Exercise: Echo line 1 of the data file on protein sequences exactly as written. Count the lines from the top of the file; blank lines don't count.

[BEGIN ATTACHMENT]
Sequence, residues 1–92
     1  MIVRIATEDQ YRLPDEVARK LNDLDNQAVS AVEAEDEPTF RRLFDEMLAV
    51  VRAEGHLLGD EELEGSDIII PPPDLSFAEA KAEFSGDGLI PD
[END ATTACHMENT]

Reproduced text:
Sequence, residues 1–92